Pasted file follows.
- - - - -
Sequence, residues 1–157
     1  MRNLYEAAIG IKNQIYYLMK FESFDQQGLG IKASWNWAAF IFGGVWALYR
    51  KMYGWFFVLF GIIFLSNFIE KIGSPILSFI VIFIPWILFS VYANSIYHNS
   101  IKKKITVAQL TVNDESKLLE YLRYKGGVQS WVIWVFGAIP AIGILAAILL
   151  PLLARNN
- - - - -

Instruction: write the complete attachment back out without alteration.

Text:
Sequence, residues 1–157
     1  MRNLYEAAIG IKNQIYYLMK FESFDQQGLG IKASWNWAAF IFGGVWALYR
    51  KMYGWFFVLF GIIFLSNFIE KIGSPILSFI VIFIPWILFS VYANSIYHNS
   101  IKKKITVAQL TVNDESKLLE YLRYKGGVQS WVIWVFGAIP AIGILAAILL
   151  PLLARNN